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Discussion Starter #1
So, I never said it here but while I worked for a city shelter for 4 months, I ended up losing that job because despite my strong efforts, I'm just too clumsy and that can cause dangerous situations with some of the dogs we have. I was really devastated when I was told shortly before Christmas, but now I'm doing my best to find another job ASAP.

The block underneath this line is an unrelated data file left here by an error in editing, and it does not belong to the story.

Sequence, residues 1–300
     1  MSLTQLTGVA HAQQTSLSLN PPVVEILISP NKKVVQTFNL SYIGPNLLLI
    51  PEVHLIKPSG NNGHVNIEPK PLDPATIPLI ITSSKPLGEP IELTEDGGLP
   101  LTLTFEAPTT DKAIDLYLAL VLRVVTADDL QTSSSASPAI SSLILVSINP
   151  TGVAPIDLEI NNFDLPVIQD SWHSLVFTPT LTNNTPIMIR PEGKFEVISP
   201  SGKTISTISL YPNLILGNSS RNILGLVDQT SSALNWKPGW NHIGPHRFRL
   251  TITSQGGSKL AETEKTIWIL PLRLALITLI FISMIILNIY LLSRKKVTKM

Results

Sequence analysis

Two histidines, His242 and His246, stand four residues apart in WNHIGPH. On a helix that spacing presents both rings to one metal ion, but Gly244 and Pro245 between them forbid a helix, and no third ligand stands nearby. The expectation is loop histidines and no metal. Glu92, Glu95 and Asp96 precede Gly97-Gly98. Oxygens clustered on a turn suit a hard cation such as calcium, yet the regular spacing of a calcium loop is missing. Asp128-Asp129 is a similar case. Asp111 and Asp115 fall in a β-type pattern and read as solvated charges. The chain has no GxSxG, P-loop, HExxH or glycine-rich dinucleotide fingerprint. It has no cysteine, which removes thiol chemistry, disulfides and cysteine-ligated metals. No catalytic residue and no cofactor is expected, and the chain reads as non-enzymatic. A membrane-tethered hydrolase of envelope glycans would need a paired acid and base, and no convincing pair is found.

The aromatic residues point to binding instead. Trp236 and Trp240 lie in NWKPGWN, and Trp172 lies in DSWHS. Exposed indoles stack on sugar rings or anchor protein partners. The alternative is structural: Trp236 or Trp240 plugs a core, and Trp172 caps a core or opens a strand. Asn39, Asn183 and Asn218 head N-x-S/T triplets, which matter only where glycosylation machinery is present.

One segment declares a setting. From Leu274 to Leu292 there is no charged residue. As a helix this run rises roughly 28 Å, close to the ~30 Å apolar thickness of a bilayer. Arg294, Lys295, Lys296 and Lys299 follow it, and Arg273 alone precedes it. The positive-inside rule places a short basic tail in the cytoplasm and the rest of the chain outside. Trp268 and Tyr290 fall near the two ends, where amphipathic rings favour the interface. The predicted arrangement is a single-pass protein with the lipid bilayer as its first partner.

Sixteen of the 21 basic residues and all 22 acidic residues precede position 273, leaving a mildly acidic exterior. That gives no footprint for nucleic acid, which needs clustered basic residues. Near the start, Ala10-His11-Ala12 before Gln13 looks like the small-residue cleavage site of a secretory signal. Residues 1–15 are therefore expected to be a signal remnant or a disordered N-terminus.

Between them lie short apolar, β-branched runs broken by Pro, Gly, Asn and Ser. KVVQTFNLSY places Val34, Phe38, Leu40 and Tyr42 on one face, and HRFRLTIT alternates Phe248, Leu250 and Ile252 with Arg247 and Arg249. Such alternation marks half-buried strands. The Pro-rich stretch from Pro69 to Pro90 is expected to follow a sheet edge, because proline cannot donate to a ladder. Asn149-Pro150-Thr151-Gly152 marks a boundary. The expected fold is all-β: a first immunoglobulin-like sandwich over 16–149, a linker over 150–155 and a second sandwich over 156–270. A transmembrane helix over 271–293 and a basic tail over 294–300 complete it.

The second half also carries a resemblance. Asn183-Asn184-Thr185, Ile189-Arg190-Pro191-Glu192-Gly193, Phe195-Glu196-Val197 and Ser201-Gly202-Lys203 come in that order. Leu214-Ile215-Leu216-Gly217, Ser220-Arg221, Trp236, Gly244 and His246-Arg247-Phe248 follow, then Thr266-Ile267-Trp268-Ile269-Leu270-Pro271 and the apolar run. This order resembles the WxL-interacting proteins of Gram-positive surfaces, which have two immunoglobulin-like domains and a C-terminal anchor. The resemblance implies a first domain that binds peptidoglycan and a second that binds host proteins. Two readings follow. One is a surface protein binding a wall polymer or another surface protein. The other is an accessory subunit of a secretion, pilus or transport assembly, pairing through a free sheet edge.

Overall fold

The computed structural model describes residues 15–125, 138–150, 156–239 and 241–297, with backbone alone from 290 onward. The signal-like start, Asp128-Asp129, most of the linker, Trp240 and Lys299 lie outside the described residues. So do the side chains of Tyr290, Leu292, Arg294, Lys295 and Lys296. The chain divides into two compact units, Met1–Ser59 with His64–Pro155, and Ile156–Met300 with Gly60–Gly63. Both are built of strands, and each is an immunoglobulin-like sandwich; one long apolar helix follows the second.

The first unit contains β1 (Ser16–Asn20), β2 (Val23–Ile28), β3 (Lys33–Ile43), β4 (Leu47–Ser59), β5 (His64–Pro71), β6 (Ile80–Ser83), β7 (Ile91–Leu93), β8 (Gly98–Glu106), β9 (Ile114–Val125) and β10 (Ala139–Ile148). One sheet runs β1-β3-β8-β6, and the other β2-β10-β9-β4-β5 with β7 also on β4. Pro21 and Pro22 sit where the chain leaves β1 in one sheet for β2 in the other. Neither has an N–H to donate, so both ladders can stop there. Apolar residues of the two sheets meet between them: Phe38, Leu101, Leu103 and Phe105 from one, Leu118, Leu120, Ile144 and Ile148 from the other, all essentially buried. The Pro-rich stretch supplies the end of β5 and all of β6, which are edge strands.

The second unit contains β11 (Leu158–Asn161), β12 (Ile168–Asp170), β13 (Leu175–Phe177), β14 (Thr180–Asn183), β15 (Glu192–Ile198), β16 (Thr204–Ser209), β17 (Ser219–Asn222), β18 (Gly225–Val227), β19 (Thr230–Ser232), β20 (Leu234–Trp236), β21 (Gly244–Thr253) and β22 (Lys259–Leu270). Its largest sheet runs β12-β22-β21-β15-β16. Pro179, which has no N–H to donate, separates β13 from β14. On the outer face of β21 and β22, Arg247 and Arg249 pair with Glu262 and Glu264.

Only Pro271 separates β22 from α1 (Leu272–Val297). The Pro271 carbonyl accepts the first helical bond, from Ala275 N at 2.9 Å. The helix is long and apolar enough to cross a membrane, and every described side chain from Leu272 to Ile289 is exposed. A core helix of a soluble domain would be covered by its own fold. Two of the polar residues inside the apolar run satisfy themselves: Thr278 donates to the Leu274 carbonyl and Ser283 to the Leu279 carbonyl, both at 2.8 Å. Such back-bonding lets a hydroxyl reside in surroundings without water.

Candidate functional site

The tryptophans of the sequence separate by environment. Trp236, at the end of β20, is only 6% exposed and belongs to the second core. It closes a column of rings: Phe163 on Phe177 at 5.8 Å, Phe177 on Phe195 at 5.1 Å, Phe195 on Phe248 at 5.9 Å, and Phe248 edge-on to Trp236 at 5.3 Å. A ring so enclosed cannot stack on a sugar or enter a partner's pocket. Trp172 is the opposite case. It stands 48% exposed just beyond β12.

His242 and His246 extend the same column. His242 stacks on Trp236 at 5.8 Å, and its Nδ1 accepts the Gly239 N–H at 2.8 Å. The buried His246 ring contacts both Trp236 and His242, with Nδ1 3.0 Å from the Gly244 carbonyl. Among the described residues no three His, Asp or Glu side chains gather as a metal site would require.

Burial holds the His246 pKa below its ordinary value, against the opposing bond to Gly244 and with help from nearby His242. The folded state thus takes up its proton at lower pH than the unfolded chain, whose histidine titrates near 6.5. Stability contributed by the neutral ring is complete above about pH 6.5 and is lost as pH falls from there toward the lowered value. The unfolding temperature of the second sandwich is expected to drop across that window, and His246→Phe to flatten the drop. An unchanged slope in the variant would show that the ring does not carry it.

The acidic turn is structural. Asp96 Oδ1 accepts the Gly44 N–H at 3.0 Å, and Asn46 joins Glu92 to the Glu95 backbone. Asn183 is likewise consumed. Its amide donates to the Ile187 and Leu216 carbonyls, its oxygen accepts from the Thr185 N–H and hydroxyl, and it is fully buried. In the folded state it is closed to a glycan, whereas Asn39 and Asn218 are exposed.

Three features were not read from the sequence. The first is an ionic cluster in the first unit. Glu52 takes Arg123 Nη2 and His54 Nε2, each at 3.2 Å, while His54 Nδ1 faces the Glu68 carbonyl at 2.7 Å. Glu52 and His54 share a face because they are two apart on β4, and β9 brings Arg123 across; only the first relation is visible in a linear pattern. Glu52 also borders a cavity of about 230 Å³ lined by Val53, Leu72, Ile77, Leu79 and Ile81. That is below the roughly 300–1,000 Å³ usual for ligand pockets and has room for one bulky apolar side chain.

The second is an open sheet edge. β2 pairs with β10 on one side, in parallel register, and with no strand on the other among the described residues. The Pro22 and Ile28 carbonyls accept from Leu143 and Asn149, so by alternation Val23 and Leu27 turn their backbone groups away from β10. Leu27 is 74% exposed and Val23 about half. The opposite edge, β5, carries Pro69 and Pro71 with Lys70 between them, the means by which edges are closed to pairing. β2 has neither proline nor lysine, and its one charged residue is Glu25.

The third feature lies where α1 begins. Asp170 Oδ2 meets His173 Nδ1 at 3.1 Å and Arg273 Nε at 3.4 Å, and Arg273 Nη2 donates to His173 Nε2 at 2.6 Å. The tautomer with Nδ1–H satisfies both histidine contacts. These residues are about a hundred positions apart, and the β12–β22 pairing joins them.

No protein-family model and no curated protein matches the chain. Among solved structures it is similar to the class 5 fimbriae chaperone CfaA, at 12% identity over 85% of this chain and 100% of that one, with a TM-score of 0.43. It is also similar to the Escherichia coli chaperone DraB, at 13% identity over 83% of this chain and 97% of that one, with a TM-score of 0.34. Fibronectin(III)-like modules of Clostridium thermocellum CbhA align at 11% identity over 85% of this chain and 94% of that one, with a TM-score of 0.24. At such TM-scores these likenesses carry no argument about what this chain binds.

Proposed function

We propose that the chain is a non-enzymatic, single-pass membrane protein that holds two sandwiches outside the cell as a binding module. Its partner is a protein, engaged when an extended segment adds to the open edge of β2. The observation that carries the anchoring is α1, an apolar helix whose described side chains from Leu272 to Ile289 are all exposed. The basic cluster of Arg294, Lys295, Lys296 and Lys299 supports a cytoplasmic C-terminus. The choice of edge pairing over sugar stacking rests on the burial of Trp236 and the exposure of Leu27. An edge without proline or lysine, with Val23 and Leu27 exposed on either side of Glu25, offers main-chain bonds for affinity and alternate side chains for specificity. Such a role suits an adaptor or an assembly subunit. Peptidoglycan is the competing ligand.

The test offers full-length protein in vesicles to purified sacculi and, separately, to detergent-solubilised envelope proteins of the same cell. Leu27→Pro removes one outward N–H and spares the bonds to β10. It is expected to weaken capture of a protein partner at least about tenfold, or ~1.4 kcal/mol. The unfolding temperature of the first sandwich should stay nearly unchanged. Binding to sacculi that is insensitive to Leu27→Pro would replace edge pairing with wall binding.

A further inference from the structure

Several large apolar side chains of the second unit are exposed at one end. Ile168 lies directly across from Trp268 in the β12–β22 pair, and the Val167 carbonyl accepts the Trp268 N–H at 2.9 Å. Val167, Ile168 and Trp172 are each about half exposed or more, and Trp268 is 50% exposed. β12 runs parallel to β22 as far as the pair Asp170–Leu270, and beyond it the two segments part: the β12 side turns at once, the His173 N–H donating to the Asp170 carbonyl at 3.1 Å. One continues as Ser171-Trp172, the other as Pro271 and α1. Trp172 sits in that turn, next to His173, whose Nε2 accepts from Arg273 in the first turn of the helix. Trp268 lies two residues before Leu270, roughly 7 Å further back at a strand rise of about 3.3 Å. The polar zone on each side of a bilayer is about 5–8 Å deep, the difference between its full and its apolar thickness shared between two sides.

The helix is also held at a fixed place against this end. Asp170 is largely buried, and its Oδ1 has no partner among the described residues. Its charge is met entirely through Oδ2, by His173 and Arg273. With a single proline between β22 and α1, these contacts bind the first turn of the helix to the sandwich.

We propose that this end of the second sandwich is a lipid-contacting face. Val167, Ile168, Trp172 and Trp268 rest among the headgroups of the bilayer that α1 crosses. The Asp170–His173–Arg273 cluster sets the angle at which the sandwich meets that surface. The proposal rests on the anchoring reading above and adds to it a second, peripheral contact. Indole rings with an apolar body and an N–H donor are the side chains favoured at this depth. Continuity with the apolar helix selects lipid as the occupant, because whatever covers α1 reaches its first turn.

I had an interview today at a family owned (for a few generations) kennel/daycare/groomer. The positions I applied for mainly involved working the desk, running daycare and/or kennel duties. But since I have a trainer's certification it seemed like the man running it kept asking about how I would deal with certain training problems, so much so that I asked if he was looking for me to be a trainer. But...it became clear just by walking into the place that it was a very old school type training mindset. There were many choke chains on the wall and the man called positive training "fluffy training". I made it very clear I was a positive trainer (although not adverse to water spray, citronella, etc. in severe circumstances) but I think he felt like he needed to show me I was being ridiculous thinking that positive training actually works for most dogs. I also emphasized that just because I'm a positive trainer doesn't mean I'm weak or let dogs walk all over me. He kept giving me different situations, baiting me and hoping I was going to say I'd use a forceful method. There was a lot of "alpha" talk, and Cesar Milan was even mentioned. There I did step in and say my trainer cousin in LA has had to deal with dogs he's traumatized, and I said I've seen other dogs ruined with harsh methods. Now, the thing that really made me raise my eyebrow was that he said when one of the daycare dogs gets too crazy or rowdy with the others and won't come to you...he throws a kong at them to get their attention and then take them out of the yard walking them to "Show them who's in control". To be honest I like the idea of separating the misbehaving dog and giving them a cool down walk but I don't think he realizes *why* the dog is calming down. But the throwing of the kong certainly bothered me. I did say I wouldn't be throwing anything at any dogs. There were also a few things he said that I did know were quite frankly, incorrect (like the smartest dog having the intelligence of a 2 year old child--I know it's more like 4-6 year old.)